The Chinese government has flouted international law by failing to provide adequate food, water, and protection to thousands of refugees fleeing conflict-ridden areas in northern Burma, a human rights group said Tuesday.
New York-based Human Rights Watch (HRW) said at least 7,000 to 10,000 refugees had fled across the border to China since clashes between the military and rebels in northern Burma’s Kachin state broke out last June.
The refugees lack access to food, potable water, and healthcare and have not received enough assistance from China, HRW said in the report, titled “Isolated in Yunnan.”
“What we found is a group of refugees in a desperate situation, who have received no humanitarian assistance from the Chinese government since they started arrived in Yunnan in June 2011,” HRW Deputy Asia Director Phil Robertson said at a press conference in Bangkok.
“China has not permitted major humanitarian agencies … to assist these refugees either,” he said, including the United Nations High Commissioner for Refugees (UNHCR), a UN agency that coordinates refugee crisis response worldwide.
Local nongovernmental organizations and religious groups have been supporting the refugees, but are strained far beyond capacity, the group said.
Forced to return
The report accused China of turning some 300 refugees away at the border, in some cases forcing them to return to conflict zones in Burma.
“The Chinese government has generally tolerated Kachin refugees staying in Yunnan, but now needs to meet its international legal obligations to ensure refugees are not returned and that their basic needs are met,” said Sophie Richardson, HRW’s China director.
“China has no legitimate reason to push them back to Burma or to leave them without food and shelter.”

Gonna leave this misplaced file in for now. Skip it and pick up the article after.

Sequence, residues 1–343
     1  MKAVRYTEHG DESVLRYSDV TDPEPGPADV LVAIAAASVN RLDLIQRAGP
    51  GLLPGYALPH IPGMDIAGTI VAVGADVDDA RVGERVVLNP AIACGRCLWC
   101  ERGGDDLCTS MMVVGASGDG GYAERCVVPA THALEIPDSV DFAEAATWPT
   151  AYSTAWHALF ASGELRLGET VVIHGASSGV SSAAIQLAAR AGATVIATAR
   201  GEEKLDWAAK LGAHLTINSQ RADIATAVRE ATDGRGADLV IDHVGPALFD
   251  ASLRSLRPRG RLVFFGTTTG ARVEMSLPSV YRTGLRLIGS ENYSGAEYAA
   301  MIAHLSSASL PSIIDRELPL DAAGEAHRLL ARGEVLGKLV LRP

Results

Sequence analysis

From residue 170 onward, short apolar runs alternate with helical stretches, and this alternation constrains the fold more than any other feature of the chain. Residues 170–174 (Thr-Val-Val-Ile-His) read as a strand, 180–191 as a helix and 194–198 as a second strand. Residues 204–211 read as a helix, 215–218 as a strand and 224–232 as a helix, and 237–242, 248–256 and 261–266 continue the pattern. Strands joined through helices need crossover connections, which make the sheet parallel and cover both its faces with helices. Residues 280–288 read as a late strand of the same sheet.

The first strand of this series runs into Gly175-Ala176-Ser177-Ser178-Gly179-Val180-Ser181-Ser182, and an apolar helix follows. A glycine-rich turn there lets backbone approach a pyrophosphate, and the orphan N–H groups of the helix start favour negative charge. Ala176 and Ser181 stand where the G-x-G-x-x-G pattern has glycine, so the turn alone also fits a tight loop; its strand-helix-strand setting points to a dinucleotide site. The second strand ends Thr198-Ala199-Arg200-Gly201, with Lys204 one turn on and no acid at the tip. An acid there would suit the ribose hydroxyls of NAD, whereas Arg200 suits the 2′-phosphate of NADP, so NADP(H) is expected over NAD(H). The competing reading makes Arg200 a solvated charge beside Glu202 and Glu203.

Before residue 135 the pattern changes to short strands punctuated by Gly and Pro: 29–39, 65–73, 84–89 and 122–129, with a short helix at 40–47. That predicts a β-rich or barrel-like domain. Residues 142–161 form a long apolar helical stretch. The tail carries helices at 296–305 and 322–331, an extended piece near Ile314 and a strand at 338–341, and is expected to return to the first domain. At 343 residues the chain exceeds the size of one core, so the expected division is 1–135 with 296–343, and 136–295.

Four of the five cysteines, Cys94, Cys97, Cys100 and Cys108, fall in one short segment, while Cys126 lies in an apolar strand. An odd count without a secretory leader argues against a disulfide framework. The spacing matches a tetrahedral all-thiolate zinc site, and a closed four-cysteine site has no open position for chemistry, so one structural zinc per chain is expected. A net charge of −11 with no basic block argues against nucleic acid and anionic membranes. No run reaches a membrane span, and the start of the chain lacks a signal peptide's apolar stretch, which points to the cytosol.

Chinese authorities have also subjected Kachin refugees to roadside drug testing, arbitrary fines, and prolonged and abusive detention, all without due process or judicial oversight, the group said.
HRW’s Robertson urged China to stick to its international commitments to assist refugees.
“China is a party to the 1951 Refugees Convention and its 1967 Protocol, as well as other international human rights treaties that require China to not only recognize refugees, but also to provide protection to these refugees, and to also cooperate with UNHCR in its operation of its refugee protection mandate,” he said.
Beijing rejected the allegations, disputing the refugee status of the Burmese and dismissing the notion that the government has not provided aid.
“Since early this year, there have been military conflicts between [Burma’s] military government and armed ethnic groups.
Some of the [Burmese] have come to China because of safety issues. They are not refugees,” said Hong Lei, a spokesperson for the Chinese Ministry of Foreign Affairs.
“Moreover, they will return to Myanmar [Burma] as soon as the conflicts end. China has been providing humanitarian aid to those people during their time in China,” he said, using another name for Burma.
Fighting in northern Burma between the Kachin Independence Army (KIA) and Burmese military forces has created a regional humanitarian crisis, displacing an estimated 75,000 people. Both sides have been implicated in the use of landmines and child soldiers, in violation of international rules.
A 17-year ceasefire agreement ended in June of last year when Burmese forces moved in to close a KIA militia camp, rekindling the conflict. Tens of thousands have been displaced since then.
The conflict has intensified in recent months, with stepped-up attacks from both sides. The KIA killed four government officials in April and blasted multiple rail lines, and government forces reportedly shelled several KIA bases in a recent helicopter attack.
The KIA represents a Kachin ethnic minority centered in the northern Kachin state that is fighting the Burmese regime for greater autonomy.
Reported by RFA’s Burmese service with additional reporting by James Bourne.